Robert Elswit is one of the most accomplished contemporary cinematographers. I go through some of his cinematography lighting and camera techniques to help you understand his unique style.
Just to be clear: Robert Elswit changes his style to suit the movies he shoots. The goal of this video and article is to drum up enthusiasm and a yearning to learn more.
Warning: I do not claim this knowledge is 100% accurate. Just think of it as an endorsement of his work. If you want accuracy, look someplace else.
Here’s the video illuminating the cinematography style of Robert Elswit:
How Robert Elswit lights faces
Robert has three lighting styles that he repeats often, with the first being the most predominant:
- The 3/4 lighting style with a top hair light on the opposite side sometimes
- The top front or Hollywood light, and finally
- The rim light sandwich
Robert Elswit prefers to give his actors room to move and improvise if they so desire. This doesn’t allow for very intricate lighting patterns.
Cameras, formats and lenses
He mostly prefers the 2.39:1 aspect ratio that comes with Anamorphic, though he has shot on both 1.85:1 and 4:3 (the latter for TV).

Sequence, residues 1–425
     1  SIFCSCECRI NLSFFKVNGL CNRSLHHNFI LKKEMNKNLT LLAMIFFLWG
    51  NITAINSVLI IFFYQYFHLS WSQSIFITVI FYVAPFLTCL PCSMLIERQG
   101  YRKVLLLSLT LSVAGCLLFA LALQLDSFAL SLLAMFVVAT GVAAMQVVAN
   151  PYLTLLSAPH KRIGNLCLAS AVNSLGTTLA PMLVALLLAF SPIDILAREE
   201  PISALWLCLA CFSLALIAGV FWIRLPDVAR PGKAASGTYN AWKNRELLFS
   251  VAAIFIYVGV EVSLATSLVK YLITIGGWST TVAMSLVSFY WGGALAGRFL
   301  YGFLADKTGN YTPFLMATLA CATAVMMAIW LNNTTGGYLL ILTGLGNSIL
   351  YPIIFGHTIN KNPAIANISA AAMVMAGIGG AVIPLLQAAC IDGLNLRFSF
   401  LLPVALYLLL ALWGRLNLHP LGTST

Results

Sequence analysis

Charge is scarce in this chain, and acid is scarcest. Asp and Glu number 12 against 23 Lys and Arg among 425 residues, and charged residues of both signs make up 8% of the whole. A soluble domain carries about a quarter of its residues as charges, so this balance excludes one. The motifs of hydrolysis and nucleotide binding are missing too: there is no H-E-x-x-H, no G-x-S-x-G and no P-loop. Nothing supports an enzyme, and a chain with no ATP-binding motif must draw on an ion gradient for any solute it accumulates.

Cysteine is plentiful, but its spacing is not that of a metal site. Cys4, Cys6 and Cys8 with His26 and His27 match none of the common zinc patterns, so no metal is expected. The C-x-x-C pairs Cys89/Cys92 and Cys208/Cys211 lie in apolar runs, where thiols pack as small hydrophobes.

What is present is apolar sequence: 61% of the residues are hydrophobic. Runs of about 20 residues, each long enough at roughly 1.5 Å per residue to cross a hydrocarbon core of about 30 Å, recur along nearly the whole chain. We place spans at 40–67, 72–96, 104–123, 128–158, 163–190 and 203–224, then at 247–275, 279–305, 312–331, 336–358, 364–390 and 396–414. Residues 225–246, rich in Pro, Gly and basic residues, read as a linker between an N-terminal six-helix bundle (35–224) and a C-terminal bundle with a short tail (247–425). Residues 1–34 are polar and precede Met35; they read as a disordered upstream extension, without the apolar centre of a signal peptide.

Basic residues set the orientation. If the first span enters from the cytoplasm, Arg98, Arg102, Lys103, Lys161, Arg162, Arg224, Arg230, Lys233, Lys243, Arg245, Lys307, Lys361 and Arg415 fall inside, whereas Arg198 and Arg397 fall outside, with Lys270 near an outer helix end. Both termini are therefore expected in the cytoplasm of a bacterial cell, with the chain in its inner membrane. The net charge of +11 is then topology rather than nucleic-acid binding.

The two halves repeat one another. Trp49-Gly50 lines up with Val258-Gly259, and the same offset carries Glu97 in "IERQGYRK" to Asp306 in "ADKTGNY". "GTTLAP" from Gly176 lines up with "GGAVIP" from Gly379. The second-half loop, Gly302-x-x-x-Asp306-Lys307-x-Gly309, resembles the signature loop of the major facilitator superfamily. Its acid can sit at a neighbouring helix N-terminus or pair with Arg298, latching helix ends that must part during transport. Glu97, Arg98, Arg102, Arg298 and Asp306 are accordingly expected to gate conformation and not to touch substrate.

He loves shooting anamorphic, and has religiously stuck to Panavision cameras like the Millenium, and Primo lenses – especially the anamorphics from 40 to 180mm.
He has also used other cameras from time to time, but prefers to shoot on film. He made an exception recently on the Nightcrawler though, where he shot the night scenes on an Arri Alexa.
Terms and equipment mentioned in the video
85 filter: 85 is the Wratten number for a filter that changes color temperature from 5,500 to 3,400K. This means they use a tungsten stock in daylight and use this filter on the lens so everything can match. Earlier, Anderson had rejected adding this filter, even though they shot on tungsten stock. The resulting image had to be color timed and corrected in post production.
Lower Rifa: A tungsten-halogen softbox kit that is easy to breakdown and handy on location.
Diffusion filter: Filters like ProMist and Classic Diffusion that soften the image to even out skin tones.
He bounces HMI sources ranging from 6K to 18K.
I hope you’ve found this article useful. If I’ve stoked your interest in Robert Elswit’s work, please watch the movies he shot, and read his interviews in American Cinematographer. He has also given a few interviews online, and they are definitely great motivation.
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